There is a question in my textbook that says:

A rubber balloon is given a charge $Q$ distributed uniformly over its surface. Is the field inside the balloon zero everywhere if the balloon does not have a spherical surface?

Intuitively i think the answer is no, but i am not able to prove it conclusively. The best i could say is that if the balloon were spherical, and a minor depression was made in its surface somewhere, it would destroy the symmetry and hence create non-zero field at all points.

Is there a better logical proof for it? Not too advanced mathematics, but i can understand integration (for example i understand the Gauss's Law) and am willing to learn a few more concepts, if necessary. A mathematical proof, not very advanced, would be a delight to me.



Use superposition.

Start with your actual balloon: spherical except on place were it dips inside to be closer to the center.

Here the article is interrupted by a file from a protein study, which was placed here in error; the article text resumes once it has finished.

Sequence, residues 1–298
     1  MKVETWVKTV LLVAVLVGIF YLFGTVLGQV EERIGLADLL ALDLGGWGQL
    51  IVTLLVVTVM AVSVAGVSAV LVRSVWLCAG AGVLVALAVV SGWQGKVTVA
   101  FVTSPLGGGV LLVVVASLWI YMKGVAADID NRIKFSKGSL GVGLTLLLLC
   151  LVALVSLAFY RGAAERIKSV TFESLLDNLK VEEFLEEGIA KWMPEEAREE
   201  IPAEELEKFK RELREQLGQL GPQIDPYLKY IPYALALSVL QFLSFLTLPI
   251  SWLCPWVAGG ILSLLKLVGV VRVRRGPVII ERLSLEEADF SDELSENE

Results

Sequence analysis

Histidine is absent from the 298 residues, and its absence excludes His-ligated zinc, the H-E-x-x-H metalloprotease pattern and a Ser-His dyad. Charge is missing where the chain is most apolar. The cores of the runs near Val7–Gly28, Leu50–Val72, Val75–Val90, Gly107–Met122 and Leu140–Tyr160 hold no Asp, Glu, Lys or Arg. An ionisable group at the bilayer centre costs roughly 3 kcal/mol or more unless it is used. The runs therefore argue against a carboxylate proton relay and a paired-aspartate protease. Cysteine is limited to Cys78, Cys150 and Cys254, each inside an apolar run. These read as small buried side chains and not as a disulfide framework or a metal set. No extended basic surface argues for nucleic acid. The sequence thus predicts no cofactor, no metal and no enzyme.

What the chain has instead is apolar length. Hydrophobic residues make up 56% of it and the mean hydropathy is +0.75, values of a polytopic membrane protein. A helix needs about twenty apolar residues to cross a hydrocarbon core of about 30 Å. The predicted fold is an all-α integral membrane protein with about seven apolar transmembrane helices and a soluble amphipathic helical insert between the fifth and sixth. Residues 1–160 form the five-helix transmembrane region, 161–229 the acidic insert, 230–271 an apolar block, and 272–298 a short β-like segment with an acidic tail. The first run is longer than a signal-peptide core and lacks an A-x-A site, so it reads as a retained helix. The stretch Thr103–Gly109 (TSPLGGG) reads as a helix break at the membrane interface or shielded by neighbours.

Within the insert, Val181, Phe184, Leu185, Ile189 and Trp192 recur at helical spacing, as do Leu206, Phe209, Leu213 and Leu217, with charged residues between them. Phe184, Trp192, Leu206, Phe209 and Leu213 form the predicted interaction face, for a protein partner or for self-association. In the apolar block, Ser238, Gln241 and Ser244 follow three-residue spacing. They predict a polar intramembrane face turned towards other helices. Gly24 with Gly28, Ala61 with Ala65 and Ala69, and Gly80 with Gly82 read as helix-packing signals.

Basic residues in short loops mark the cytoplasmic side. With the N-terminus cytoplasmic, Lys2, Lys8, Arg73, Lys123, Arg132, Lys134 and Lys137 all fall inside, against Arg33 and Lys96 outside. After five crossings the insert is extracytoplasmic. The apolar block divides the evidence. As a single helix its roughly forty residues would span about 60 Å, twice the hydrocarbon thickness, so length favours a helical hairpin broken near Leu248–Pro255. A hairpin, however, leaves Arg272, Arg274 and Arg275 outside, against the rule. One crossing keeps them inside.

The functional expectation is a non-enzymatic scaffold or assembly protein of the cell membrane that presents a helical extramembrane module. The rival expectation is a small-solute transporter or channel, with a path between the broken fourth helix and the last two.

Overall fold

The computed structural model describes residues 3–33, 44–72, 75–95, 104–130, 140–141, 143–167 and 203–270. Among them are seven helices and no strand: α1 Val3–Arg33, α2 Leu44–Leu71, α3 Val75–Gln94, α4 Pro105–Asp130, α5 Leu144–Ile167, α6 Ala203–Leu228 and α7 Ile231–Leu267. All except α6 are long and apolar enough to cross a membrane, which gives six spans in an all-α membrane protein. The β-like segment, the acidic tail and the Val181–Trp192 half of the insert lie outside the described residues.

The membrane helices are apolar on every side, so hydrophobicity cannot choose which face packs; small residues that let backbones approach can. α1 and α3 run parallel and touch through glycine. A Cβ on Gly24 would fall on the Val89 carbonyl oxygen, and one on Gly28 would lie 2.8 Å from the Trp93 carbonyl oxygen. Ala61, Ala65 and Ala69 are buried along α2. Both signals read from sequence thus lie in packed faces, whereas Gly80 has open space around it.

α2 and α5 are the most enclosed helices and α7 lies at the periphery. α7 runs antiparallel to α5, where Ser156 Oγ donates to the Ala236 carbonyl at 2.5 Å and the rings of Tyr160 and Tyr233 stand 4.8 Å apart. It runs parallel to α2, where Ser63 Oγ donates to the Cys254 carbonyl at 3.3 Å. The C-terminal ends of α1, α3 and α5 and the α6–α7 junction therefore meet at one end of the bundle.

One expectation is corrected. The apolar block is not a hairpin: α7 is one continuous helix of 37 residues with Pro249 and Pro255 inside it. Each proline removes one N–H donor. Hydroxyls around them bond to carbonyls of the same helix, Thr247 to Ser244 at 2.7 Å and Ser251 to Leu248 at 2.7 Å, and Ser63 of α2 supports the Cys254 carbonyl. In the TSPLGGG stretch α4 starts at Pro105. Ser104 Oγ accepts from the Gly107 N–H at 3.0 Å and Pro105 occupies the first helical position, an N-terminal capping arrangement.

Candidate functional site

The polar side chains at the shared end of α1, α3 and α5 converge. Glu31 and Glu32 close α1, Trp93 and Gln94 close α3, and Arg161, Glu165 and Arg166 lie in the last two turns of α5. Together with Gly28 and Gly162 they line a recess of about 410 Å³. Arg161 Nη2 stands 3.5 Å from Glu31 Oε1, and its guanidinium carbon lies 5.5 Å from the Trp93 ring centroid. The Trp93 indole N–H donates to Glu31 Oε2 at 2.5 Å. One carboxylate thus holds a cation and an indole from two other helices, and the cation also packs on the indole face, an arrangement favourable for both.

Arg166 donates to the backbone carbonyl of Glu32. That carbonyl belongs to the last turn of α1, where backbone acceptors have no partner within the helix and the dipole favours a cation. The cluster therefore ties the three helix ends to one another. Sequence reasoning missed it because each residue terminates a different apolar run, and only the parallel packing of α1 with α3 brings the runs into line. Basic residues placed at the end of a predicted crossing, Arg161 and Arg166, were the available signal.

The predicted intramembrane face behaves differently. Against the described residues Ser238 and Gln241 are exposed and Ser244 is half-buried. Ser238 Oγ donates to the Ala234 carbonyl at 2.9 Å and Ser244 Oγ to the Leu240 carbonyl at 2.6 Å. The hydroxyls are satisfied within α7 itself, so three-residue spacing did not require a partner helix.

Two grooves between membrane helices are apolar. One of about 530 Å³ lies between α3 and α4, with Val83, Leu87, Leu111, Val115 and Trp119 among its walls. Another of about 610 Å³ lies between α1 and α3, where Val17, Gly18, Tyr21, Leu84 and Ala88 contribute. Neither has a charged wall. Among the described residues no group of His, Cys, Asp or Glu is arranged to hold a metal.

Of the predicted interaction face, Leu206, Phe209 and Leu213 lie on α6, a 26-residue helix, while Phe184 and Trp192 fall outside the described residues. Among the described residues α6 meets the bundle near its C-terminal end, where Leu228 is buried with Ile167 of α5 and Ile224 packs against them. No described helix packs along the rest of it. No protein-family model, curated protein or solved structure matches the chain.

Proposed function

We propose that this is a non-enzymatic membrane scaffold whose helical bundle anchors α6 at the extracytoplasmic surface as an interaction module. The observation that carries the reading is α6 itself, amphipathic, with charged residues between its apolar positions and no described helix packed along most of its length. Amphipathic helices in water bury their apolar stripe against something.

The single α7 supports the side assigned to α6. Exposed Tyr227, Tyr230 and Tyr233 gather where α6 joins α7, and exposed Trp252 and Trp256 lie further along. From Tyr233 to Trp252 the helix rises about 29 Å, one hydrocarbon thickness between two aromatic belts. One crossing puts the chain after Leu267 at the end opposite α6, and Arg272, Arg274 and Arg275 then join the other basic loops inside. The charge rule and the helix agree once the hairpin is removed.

Next, imagine a uniformly charged perfectly spherical shell with the same charge density.

Then imagine another object (a small object) with a positive charge where the balloon is bent inwards, and a negative charge where the the balloon isn't lined up with the spherical shell.

The charge of both the small object and the spherical shell add up to the charge of the actual balloon. So the field due to each adds up to the field due to the actual balloon.

The field of the spherical shell is zero, so we only need to find the field of the small object.


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